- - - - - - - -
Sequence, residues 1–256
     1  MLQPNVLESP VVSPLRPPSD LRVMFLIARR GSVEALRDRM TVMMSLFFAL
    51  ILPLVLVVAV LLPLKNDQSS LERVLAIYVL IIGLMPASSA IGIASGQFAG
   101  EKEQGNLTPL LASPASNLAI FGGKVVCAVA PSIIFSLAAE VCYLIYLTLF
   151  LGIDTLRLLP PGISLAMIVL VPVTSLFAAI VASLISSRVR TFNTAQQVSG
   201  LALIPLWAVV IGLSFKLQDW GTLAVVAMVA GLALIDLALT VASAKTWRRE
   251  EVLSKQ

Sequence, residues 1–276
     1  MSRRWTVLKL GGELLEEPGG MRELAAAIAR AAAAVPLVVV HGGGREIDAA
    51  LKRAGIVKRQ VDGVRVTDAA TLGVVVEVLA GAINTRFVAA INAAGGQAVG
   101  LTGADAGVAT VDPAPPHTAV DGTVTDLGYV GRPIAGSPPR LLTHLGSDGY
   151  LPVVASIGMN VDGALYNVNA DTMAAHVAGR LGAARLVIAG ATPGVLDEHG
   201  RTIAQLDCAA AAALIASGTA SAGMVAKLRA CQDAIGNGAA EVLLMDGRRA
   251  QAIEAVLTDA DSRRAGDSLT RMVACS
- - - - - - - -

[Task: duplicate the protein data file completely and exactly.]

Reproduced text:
Sequence, residues 1–256
     1  MLQPNVLESP VVSPLRPPSD LRVMFLIARR GSVEALRDRM TVMMSLFFAL
    51  ILPLVLVVAV LLPLKNDQSS LERVLAIYVL IIGLMPASSA IGIASGQFAG
   101  EKEQGNLTPL LASPASNLAI FGGKVVCAVA PSIIFSLAAE VCYLIYLTLF
   151  LGIDTLRLLP PGISLAMIVL VPVTSLFAAI VASLISSRVR TFNTAQQVSG
   201  LALIPLWAVV IGLSFKLQDW GTLAVVAMVA GLALIDLALT VASAKTWRRE
   251  EVLSKQ

Sequence, residues 1–276
     1  MSRRWTVLKL GGELLEEPGG MRELAAAIAR AAAAVPLVVV HGGGREIDAA
    51  LKRAGIVKRQ VDGVRVTDAA TLGVVVEVLA GAINTRFVAA INAAGGQAVG
   101  LTGADAGVAT VDPAPPHTAV DGTVTDLGYV GRPIAGSPPR LLTHLGSDGY
   151  LPVVASIGMN VDGALYNVNA DTMAAHVAGR LGAARLVIAG ATPGVLDEHG
   201  RTIAQLDCAA AAALIASGTA SAGMVAKLRA CQDAIGNGAA EVLLMDGRRA
   251  QAIEAVLTDA DSRRAGDSLT RMVACS